However, they were unable to take a joint position in relation to climate and energy. There was consensus on strengthening joint energy security, guaranteeing open, transparent, liquid and more secure global markets for energy resources and technologies and also on the need for the highest standards in nuclear safety, security and non-proliferation. The seven heads of state and government and the EU are also determined to utilise the significant economic opportunities for growth and the creation of jobs arising from restructuring the energy sector and clean technologies.
Yet, only six of the G7 countries and the EU reaffirmed their commitment to swiftly implement the Paris Agreement, made at the 2016 summit in Ise-Shima. Due to the ongoing review of their measures regarding climate change and the Paris Agreement, the US did not join this consensus.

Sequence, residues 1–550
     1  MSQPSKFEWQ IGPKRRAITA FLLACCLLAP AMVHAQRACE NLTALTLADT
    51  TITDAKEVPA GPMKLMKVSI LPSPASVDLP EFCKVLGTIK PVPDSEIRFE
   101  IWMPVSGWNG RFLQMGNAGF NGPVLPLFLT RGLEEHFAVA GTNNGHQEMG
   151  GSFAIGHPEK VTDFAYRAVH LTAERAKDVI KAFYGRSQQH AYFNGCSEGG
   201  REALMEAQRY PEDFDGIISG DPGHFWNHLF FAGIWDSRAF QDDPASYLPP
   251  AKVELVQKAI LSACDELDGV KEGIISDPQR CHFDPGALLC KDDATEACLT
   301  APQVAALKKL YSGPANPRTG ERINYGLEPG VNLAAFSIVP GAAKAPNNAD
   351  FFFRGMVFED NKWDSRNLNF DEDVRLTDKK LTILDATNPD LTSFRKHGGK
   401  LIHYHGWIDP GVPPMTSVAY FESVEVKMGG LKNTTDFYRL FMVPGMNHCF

The Japanese Prime Minister Shinzo Abe invited the G7 heads of state and government to the summit meeting at Ise-Shima on the Japanese peninsula of Kashikojama on 26 and 27 May 2016. Following the 2015 summit at Schloss Elmau which focussed on very ambitious statements regarding environmental policy, the 2016 declaration concentrated more on the traditional topics of foreign and economic policy. The G7 heads of state and government wanted to stimulate the global economy and also discussed the reasons for refugee flows, combating terrorism, sanctions against Russia and empowering women and girls.